(2) ETC and Sanral still don't know how many accounts were compromised, much less which accounts they were. At least, they didn't last time they admitted so, on 17 January, but since then they have refused to answer the same question. It's possible the answer is so bad they'd rather suffer the slings and arrows in silence than admit the extent of the breach, but incompetence is usually more likely than malice.
(3) ETC and Sanral failed to notify users of the breach. During incident response, as soon as you know customers are at risk, you notify them. Target did. Kickstarter did. Sanral did not. "Hi, we're sorry, but your details may have been exposed. Please change your PIN as a precaution and we'll be in touch again when we know more." You don't have to know the extent of the breach to warn customers they may be at risk, you just do it.
Any user whose account was exposed in the two weeks or more the site was vulnerable, is still open to attack.
(4) ETC and Sanral have failed to alert compromised customers that their data has been stolen. Of course, this is related to point two, since they don't actually know who was affected. Log analysis would reveal which accounts were accessed incorrectly, and those users are unquestionably at risk. Again, we know some users were affected. Those users have their home addresses, phone numbers, vehicle details, driving details, and potentially bank details now in the hands of third parties who may or may not have malicious intent (benign security researchers are the best they can hope for). Those users are at risk of identity theft, physical crime, fraud and more, and Sanral is knowingly extending their risk with every day action is not taken.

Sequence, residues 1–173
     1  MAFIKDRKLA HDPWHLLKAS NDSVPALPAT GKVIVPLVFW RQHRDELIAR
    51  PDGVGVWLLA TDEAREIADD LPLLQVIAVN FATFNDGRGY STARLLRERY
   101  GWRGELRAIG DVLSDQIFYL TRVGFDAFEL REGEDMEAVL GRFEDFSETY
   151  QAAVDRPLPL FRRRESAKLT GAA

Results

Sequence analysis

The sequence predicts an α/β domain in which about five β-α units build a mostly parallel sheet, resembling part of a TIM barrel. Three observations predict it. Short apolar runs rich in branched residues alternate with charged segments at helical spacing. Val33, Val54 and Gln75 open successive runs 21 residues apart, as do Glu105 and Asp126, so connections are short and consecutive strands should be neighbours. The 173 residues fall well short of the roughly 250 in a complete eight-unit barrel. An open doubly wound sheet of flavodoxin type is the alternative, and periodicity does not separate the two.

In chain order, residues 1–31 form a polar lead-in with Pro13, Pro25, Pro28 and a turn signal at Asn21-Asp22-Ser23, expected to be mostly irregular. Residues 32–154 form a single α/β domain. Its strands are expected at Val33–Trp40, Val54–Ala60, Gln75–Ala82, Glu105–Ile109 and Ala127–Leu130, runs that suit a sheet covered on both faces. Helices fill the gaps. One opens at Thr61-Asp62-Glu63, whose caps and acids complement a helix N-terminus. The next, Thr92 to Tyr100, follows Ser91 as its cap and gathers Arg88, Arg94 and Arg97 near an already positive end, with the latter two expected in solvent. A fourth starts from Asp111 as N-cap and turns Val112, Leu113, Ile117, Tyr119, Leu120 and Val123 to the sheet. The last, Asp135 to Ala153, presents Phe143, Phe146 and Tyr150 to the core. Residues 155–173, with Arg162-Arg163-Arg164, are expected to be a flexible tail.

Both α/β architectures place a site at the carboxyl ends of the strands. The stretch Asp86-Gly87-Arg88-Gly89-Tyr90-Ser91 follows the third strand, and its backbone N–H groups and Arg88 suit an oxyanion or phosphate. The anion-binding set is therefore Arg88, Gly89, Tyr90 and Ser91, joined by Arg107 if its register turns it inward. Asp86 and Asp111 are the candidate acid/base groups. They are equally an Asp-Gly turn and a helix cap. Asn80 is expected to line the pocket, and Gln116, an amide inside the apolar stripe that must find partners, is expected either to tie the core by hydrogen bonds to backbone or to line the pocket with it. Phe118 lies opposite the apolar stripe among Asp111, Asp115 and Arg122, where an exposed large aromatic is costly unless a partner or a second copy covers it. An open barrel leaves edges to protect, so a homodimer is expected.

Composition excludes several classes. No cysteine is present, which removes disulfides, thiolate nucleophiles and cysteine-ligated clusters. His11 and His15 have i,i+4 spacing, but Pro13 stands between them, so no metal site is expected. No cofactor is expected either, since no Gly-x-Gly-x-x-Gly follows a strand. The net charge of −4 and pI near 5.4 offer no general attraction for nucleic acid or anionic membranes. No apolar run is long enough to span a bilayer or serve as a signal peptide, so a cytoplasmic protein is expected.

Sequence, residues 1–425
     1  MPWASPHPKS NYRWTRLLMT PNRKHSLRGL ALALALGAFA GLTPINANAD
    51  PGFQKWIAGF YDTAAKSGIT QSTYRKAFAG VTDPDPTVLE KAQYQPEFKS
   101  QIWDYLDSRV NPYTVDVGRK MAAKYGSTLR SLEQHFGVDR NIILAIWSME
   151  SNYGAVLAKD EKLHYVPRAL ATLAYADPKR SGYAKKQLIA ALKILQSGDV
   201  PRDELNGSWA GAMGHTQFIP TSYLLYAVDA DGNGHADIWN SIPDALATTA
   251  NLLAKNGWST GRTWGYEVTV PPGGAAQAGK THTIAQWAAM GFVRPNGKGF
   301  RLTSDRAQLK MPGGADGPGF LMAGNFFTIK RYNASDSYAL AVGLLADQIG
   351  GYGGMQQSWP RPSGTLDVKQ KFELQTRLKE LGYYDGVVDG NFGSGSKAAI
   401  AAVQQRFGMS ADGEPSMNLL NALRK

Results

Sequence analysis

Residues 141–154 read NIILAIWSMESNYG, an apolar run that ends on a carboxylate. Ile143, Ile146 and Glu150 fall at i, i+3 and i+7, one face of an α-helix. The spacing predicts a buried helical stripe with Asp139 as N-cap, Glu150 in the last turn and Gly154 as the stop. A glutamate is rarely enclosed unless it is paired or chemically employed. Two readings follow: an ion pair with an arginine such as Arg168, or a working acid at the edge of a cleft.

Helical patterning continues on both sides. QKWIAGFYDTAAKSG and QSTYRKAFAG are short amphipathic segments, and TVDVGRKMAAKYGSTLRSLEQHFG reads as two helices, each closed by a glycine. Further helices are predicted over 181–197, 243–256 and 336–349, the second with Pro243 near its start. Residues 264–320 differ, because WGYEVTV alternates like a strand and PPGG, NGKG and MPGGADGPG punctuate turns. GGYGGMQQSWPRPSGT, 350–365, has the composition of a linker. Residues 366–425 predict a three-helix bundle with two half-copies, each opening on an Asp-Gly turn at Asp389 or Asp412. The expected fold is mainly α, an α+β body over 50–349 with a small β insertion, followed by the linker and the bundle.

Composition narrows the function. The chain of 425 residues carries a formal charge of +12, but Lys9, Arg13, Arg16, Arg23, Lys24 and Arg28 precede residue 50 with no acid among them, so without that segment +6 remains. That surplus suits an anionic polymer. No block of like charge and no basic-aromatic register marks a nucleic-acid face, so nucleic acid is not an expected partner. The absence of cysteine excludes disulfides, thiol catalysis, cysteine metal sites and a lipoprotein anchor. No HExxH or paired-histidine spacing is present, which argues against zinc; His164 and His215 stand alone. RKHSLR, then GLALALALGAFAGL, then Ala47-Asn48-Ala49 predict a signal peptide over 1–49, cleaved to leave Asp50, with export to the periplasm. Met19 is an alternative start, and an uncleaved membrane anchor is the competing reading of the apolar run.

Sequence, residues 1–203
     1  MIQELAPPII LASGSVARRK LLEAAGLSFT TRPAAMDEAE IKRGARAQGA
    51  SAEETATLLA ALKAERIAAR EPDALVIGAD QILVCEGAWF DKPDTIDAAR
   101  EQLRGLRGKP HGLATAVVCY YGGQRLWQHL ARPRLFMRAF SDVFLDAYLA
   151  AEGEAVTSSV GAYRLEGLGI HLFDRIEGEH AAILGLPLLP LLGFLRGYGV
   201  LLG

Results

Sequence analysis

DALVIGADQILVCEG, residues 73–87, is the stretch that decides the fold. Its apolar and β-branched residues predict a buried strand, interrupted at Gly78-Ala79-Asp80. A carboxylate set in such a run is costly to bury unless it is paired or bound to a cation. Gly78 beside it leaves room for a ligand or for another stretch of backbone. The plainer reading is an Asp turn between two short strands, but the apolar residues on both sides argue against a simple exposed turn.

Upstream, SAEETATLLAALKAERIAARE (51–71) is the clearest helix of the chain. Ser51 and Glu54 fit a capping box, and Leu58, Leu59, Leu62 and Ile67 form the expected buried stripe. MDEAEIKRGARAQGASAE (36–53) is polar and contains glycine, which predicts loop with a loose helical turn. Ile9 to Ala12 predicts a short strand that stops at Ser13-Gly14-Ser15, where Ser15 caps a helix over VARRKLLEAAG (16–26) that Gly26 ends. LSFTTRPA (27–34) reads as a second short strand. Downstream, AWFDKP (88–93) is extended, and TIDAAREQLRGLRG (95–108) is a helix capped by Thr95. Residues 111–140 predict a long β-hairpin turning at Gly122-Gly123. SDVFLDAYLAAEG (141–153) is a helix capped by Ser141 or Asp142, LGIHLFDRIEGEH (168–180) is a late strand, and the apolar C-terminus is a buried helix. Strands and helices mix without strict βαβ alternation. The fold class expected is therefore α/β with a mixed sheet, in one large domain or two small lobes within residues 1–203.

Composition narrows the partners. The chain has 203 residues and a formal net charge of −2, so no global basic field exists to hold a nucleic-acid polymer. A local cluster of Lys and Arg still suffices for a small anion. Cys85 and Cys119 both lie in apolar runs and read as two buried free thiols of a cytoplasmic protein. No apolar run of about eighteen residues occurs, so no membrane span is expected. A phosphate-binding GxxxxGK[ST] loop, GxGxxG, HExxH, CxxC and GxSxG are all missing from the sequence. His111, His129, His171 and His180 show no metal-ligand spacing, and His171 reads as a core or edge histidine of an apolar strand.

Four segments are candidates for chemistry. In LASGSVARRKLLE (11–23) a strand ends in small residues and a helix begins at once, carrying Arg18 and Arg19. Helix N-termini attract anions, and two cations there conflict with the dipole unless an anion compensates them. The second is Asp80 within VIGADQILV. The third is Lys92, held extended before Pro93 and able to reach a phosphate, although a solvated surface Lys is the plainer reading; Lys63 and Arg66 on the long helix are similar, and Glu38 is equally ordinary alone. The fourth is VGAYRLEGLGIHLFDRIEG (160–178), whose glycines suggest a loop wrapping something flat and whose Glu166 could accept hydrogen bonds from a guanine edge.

(5) ETC and Sanral have failed to instruct their users to change their credentials. Those captured PINs still work. Any user whose account was exposed in the two weeks or more the site was vulnerable, is still open to attack. A brute-force attack on usernames could have yielded a mass of PINs for later exploitation - by failing to enforce a password change, Sanral has ensured the maximum risk for every account which was targeted.